The Bottom Line
Introduction, Specifications, and Pricing
The DeskMini 310 is ASRock's latest iteration of their SFFPC using their STX motherboard form factor. The form factor allows for NUC style expansion options but with support for a desktop CPU, in this case, up to 65W.
We tossed in an i7-8700, and it did just fine with Intel's stock cooler and ASRock's VRM on their H310M-STX motherboard. Let's see how this SFFPC stacks up against the rest.
We put in an i7-8700, as you need to use an 8th gen CPU because of the chipset. We also added in two 8GB DDR4 2666MHz SO-DIMM modules, as that is the highest support DRAM speed. We used an NVMe drive from Kingston, the KC1000 512GB. The motherboard offers two fan headers, but we only used the one for our Intel stock cooler. There was a WIFI kit included, and it included the Intel Wireless-AC 3168 controller, but you can use any M.2 WIFI card, including the new Intel CNVi modules.
The DeskMini 310 is $157 on Newegg.
Packaging and System
The box is quite small and contains the barebones PC and power adapter. Our WIFI kit and VESA kit came in separate packages. Packaging is pretty good.
Accessories include a 19v (6.2a=120W) AC/DC power adapter, two SATA connectors, manuals, USB 2.0 add-on, COM add-on, VESA mount with screws, WIFI card, WIFI antenna, and all the tiny screws to install the M.2 devices.
At the front of the device, we find headphone and microphone jacks, a USB 3.0 type-A port, and a USB 3.0 type-C port. There is also a power button located on the front. At the rear, we find our DC input jack, DisplayPort, HDMI port, VGA (D-SUB) port, Gbit LAN, USB 2.0, and USB 3.0 port. There is a tab you can insert a lock into to prevent people from opening the device, as well as metal punch through for up to three WIFI antenna attachments and a COM port.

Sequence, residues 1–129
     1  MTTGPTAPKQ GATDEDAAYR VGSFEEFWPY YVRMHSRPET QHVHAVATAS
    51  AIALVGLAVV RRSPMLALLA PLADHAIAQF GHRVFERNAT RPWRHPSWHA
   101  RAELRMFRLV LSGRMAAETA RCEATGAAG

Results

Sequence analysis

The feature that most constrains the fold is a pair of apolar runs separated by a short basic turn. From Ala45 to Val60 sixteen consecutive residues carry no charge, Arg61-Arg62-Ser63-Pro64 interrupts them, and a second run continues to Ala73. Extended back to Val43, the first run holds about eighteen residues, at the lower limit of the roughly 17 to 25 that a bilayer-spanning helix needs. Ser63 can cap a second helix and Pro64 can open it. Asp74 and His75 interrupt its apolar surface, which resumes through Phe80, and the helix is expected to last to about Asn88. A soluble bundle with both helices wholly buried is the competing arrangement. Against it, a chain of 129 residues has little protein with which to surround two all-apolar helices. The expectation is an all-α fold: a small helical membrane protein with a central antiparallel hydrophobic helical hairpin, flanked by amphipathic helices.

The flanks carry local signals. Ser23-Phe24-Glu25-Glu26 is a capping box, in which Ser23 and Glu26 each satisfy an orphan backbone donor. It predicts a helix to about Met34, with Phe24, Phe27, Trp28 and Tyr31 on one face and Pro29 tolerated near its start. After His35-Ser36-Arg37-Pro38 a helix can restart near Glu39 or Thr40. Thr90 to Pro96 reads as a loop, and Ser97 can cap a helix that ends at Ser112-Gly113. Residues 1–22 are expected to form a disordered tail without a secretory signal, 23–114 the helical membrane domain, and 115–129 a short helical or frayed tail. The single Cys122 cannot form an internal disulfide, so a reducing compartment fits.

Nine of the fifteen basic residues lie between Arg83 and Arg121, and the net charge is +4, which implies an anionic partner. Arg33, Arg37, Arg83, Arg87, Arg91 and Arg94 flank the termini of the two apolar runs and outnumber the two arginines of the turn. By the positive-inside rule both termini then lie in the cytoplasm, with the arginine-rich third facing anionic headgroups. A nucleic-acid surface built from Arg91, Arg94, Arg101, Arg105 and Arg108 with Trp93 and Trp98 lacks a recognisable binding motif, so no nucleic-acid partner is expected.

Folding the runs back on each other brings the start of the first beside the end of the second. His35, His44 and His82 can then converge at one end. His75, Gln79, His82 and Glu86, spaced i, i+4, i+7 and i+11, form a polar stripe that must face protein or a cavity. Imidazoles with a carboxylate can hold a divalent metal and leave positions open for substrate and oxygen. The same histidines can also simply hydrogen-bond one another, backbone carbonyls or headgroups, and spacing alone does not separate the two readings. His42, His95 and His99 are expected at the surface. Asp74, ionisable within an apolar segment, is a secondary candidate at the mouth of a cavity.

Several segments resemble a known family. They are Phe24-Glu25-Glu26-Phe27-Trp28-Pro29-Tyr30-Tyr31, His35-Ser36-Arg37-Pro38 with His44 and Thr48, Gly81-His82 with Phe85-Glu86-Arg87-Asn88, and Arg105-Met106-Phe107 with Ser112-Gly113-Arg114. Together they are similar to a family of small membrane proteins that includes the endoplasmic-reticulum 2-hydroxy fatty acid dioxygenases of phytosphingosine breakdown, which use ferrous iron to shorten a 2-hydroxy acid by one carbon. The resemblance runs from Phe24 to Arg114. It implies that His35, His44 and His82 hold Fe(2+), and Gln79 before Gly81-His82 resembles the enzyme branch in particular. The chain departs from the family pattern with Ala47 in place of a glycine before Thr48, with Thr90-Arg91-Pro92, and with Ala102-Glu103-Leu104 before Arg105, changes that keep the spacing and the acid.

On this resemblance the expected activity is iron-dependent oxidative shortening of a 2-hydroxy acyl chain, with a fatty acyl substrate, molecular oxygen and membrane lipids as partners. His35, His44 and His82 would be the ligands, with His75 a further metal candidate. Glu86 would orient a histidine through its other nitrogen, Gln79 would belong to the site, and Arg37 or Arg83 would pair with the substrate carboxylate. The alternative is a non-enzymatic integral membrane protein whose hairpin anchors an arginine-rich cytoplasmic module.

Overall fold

The top of the device is pretty much a big vent, but there are cutouts for adding two more USB 2.0 ports. The bottom of the device has the proper screw holes for the VESA mount, or you can add included rubber legs if you want it to sit on your desk.
The top of the unit is just another large vent. The bottom of the unit features four more areas where you can attach rubber legs, so the unit can stand vertical or horizontally depending on your needs.
Here we see the COM port and the USB ports installed, and the WIFI installed as well.
Teardown of the DeskMini 310 Gaming PC
Opening the unit is required to install hardware, the tray mechanism is easy to use, the only thing I found a bit difficult is getting the wires on the inside out of the way of the tray when closing the unit.
The top of the PCB reveals it has a VRM heat sink and shows a bunch of headers including those for COM, USB 2.0, and the front panel. The WIFI M.2 slot and storage M.2 slot reveal you must install the WIFI device before the storage device. There are two 4-pin fan headers located above the two DDR4 SO-DIMM slots. The back of the motherboard reveals both SATA combo headers, but it also and showcases that the motherboard has a microSD card slot. There is a cut out on the tray to install the SATA cables, but it can be a bit of a tight fit.
In such a small form factor we find the VRM four phase made up for Texas Instruments CSD87350D high-end NexFETs, and they are cooled on the top and bottom of the PCB by heat sinks. A Richtek RT3607BC PWM controller is used to drive those four phases; it supports up to 4+3 phase operation.
An Intel i219v is used for the Gbit LAN. The ALC233is used as the audio codec.
The Realtek RTD2168 is an LCD monitor controller, possibly used to drive the VGA output. The super IO controller is the nuvoton NCT5567D, and we find this chip on a lot of ASRock's SFFPC products, and now even their ATX motherboards. We also get a single BIOS ROM, probably 128Mbit.